cannot cheat so well. Draw
near and see how hard
the surface beneath it really is.
Matthew Murrey: "My poems have appeared in journals such as Prairie Schooner, Poetry East, and Split Rock Review. I am a NEA Fellowship recipient, and my debut poetry collection, Bulletproof, was published in February 2019 by Jacar Press. I am a high school librarian in Urbana, Illinois. My website is at https://www.matthewmurrey.net/"
Late Painting: Path Under the Rose Arches
"Monet is only an eye—yet what an eye." Paul Cézanne
And now, the flowering arches become a child’s scribbles,
broad scrawls, sprawls of colour you can’t quite see:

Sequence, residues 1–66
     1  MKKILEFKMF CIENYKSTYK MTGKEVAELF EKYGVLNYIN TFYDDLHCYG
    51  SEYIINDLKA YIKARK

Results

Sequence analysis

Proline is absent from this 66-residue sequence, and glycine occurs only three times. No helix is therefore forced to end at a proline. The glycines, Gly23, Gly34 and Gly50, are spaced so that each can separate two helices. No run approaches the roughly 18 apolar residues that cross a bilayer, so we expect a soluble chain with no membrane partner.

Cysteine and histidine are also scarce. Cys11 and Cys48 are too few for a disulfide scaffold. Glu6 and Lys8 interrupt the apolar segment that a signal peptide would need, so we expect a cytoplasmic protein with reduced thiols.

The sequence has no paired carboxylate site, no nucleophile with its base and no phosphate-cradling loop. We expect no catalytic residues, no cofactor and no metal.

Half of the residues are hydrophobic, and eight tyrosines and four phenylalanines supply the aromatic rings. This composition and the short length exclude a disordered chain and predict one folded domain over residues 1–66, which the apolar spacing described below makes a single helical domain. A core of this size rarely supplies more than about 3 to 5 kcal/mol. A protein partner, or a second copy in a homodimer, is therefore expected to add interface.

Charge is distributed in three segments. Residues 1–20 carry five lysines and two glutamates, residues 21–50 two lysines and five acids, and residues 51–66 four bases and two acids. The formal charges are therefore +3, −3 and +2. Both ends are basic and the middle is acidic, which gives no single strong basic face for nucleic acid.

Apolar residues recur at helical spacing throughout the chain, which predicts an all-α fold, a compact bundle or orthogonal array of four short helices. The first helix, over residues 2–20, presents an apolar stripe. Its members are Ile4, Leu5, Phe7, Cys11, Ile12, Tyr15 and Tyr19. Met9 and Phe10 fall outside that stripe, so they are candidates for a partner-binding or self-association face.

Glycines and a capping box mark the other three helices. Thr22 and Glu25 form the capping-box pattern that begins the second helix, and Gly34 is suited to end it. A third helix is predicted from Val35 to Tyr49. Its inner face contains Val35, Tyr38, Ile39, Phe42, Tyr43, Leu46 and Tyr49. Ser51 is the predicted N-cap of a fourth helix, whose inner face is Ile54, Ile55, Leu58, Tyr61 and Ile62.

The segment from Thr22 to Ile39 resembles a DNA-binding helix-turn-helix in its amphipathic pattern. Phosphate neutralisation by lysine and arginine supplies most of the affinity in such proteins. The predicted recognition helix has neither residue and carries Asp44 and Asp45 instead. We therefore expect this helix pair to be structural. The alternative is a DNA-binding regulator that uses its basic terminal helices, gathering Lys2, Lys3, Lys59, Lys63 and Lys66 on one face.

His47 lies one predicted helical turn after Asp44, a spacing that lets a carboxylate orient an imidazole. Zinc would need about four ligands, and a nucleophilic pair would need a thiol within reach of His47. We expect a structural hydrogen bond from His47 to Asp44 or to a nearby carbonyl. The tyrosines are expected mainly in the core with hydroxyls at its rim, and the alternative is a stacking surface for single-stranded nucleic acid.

braided ribbons of burgundy, navy, sienna, ochre, umber.
Each arch opens a passage, a tunnel, a path that leads on.
No more working en plein air, no more striving for the elusive
moment. No more series: stacks of wheat, a cathedral
in sunlight, trains at the station; no more smoke, fog,
the sun lying down on the sheaves. So many ways
to say good-bye. The short flicked brush strokes
that tried to catalog light’s changes now become gestures,
swoops and swirls. Monet said My poor eyesight makes
me see everything in a complete fog, and I’m feeling this, too--
something not yet diagnosed, needing more light to read.
Typos flit on the screen, escape my scrutiny. Lines fly off
the page during a reading. But I’m not ready to quit,
and neither was he. Despite his growing cataracts,
he picked up a brush, having memorized the placement
of pigments on his palette, and started in on the water lilies,
les Grandes Decorations, from the garden of his memory,
removing the horizon, letting the flowers float
on the deep blue waterfall of radiant light.
This poem was first published in The Valparaiso Poetry Review.